Several years ago, Wills was on the Diane Rhiem show on Public Radio. I called in, and got to ask him a question. I think he was selling his “Papal Sin” screed. Anyway, I complimented his book on Lincoln and Macbeth–both written years ago–and then asked, why was he pretending that the Scandals of ’02 etc. were the result of Church teaching when he KNOWS these men were NOT following Church teaching at all? He actually stuttered for about 20 seconds, and then droned on about how he was for freedom of speech.

    I must admit, I enjoyed throwing him on the ropes, even for a littl bit! ;)

  18. Shamrock says:

    Newman had much more to say about the role of laity in the Church than this one small treatise and one needs to look, unlike Wills, at the larger body of work written re the laity by Newman:
    ( taken from the Catholic Education website): he wrote:
    “What I disiderate in Catholics is the gift of bringing out what their religion is…I want a laity,
    not arrogant, not rash in speech, not disputatious, but men who know their religion, who enter
    into it, who know just where they stand, who know what they hold and what they do not, who know their creed so well they can give an account of it, who know so much of history that they
    can defend it. I want an intelligent, well instructed laity…I wish you to enlarge your knowledge,
    to cultivate your reason, to get an insight into the relation of truth to truth, to learn to view things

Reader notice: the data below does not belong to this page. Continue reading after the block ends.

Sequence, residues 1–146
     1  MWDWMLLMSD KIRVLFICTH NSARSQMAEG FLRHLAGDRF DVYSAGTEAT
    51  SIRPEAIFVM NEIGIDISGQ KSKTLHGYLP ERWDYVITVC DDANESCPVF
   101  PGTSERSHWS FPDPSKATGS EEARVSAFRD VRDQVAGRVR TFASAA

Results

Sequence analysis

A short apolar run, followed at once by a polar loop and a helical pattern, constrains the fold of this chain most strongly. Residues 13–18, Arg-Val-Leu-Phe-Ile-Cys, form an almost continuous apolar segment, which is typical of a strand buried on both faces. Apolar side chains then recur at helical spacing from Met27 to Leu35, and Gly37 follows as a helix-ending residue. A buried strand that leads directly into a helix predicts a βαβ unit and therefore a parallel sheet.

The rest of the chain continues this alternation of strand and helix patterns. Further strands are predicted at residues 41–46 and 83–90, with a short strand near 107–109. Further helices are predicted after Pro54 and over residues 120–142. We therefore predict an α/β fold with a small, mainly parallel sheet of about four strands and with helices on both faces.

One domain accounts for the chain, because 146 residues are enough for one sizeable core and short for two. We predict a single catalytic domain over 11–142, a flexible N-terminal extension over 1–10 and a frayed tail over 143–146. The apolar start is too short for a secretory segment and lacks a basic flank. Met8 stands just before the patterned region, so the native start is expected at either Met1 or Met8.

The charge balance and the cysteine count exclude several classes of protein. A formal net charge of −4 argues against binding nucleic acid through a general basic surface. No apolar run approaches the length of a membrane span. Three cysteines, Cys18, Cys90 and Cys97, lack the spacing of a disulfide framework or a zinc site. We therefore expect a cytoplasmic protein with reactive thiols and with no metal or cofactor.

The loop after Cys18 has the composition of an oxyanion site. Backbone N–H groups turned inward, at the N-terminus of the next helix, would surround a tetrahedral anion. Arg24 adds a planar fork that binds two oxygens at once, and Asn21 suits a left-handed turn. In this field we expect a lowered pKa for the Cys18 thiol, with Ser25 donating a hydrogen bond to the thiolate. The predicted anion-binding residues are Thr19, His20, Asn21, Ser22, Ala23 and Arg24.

as they are, to understand how faith and reason stand to each other, what are the bases and principles of Catholicism and where lies the main inconsistences and absurdities of the Protestant theory…always cherishing a vivid sense of God above and keeping in mind that you have souls to be judged and saved. You ought to be able to bring out what you feel and mean as well as to feel and mean it; to expose the fictions and fallacies of your opponents and to explain the charges brought against the Church not for the satisfaction of bigots but to men of sense, of whatever cast of opinion”.( taken from D.J.O”Connell, S.J., The Present Position of Catholics in England).
    My husband, age 79, was confirmed in the Roman Catholic Church today. He is now equipped
    by the Holy Spirit to fulfill, during his remaining years, the role of a member of the Church’s laity